President Obama warned that while the US has improved homeland security, it cannot completely eliminate the terror threat.
The Islamic State (ISIS) terror group will probably continue to be a threat to the US even after it is ousted from key strongholds in Iraq and Syria, President Barack Obama said Thursday, warning that ISIS followers will still be inspired to launch attacks that are harder to detect and prevent.
Speaking to reporters after meeting with his top national security advisers in the Pentagon, Obama said the US has to do a better job disrupting terror networks and intercepting the internet messages that can get to troubled individuals and inspire them to act.
“What ISIL has figured out is that if they can convince a handful of people or even one person to carry out an attack on a subway, or at a parade or some other public venue, and kill scores of people as opposed to thousands of people, it still creates the kinds of fear and concern that elevates their profile,” Obama said.
He said terrorism likely won’t be eliminated by his administration or his successors, and he’s always pushing his team to seek out new ideas to battle the problem.
“I haven’t gotten numb to it. It bugs me whenever it happens,” he said. But, he added, “I do think that because of our extraordinary efforts the homeland is significantly safer than it otherwise would be.”
The Islamic State group has claimed responsibility for a number of recent mass killings, including the Bastille Day attack in Nice, France, last month that left 85 dead, and the Orlando nightclub shootings that killed 49. While they may not have been directed by the group, the terrorists were inspired by ISIS.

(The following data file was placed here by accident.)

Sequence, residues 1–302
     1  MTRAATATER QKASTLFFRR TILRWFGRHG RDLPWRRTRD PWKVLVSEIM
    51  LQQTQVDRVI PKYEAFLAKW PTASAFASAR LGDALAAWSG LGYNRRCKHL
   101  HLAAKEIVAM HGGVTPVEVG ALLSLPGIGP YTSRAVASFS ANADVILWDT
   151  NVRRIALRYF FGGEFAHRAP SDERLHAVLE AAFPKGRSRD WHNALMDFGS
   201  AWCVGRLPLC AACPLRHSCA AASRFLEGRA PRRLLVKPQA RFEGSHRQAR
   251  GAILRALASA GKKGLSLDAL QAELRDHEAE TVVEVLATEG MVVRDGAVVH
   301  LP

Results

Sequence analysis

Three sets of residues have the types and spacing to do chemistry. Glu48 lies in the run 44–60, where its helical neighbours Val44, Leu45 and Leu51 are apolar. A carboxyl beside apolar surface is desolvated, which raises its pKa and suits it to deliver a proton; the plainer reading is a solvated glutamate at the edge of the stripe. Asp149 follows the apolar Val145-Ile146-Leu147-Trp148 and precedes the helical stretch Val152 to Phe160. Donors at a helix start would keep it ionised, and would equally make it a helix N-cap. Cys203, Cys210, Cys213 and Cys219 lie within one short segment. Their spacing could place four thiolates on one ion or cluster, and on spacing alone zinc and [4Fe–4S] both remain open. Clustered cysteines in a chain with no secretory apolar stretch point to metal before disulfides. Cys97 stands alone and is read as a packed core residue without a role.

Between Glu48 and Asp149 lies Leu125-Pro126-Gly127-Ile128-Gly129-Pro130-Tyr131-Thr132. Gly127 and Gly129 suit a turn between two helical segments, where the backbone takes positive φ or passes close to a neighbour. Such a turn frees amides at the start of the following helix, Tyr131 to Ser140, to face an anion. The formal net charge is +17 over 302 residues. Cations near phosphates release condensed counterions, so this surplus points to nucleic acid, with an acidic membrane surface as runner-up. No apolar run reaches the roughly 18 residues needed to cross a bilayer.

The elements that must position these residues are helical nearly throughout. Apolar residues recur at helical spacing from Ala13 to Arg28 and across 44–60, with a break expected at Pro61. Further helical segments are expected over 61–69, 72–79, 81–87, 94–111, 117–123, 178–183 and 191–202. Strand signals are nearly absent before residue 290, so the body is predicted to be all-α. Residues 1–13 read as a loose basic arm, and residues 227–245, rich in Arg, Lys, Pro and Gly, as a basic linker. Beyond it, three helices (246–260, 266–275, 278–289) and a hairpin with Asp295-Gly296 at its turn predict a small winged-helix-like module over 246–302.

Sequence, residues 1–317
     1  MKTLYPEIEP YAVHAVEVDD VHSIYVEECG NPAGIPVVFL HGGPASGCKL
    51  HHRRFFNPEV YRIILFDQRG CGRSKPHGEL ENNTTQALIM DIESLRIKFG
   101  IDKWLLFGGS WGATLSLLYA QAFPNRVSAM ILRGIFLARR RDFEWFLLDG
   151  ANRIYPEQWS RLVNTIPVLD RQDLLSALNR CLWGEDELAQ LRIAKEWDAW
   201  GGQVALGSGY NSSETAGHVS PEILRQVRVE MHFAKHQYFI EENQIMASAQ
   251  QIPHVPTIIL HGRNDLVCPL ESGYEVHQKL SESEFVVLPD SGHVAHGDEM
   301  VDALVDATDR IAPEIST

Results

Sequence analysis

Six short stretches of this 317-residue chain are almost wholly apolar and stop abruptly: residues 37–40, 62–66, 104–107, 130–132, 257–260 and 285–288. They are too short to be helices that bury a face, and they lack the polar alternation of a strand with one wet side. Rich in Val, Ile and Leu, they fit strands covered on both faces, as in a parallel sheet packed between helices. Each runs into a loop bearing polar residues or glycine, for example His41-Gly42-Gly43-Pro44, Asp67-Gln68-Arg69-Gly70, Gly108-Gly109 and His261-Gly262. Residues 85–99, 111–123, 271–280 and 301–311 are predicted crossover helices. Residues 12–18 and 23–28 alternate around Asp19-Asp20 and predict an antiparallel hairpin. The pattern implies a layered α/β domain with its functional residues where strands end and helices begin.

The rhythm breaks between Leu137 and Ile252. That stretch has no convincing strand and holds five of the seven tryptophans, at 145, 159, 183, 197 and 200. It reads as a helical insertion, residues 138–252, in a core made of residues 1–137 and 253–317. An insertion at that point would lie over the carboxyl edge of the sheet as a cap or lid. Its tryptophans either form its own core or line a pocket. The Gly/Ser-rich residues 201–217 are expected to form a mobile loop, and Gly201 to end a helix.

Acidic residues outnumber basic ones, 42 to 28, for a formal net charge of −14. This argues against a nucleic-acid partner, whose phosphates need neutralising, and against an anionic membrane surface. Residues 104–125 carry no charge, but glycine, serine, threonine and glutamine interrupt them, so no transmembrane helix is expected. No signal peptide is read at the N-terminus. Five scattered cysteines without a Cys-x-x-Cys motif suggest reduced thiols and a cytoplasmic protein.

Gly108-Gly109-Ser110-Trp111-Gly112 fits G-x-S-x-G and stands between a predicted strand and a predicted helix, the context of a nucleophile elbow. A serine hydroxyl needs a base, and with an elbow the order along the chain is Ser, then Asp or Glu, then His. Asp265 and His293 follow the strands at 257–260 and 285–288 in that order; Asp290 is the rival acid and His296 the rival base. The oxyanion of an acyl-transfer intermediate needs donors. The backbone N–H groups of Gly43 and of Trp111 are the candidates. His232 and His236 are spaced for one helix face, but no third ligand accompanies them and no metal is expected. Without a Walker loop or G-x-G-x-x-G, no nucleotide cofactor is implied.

Tedious Battle Against ISIS in the Middle East
Obama has beefed up the US military fight against ISIS in Iraq and Syria, recently authorizing more troops to help Iraqi forces prepare to take back the northern city of Mosul, which has been under ISIS control since 2014. And this week, the US expanded its campaign against the group with a new front of airstrikes in Libya, to help the fledgling government there take back the city of Sirte.
The group, however, still maintains strongholds in the region, and the fight in Syria has bogged down.
On Thursday, however, Obama said the anti-ISIS campaign is making progress in Iraq and Syria, because the group has not regained the territory it’s lost in recent months.
But he noted that ousting the terror group from Mosul, and from its headquarters in Raqqa, Syria, won’t eliminate its networks or its ability to encourage the smaller, more individual attacks.
So, he said, “it is so important for us to keep our eye on the ball and not panic, not succumb to fear, because ISIL can’t defeat the United States of America or our NATO partners.”
The US and its allies, said Obama, must “keep on grinding away” against the group, and take key operatives off the battlefield, and “eventually we will win.”
Speaking in June, FBI Director James Comey said that ISIS is currently the main threat facing the United States, both in its efforts to recruit fighters to join it in Syria and Iraq and to have others carry out violent attacks on American soil.
He said the FBI is continuing to focus on ISIS, and there are close to 1,000 open cases nationwide involving people at various stages of recruitment.
By: AP and United with Israel Staff
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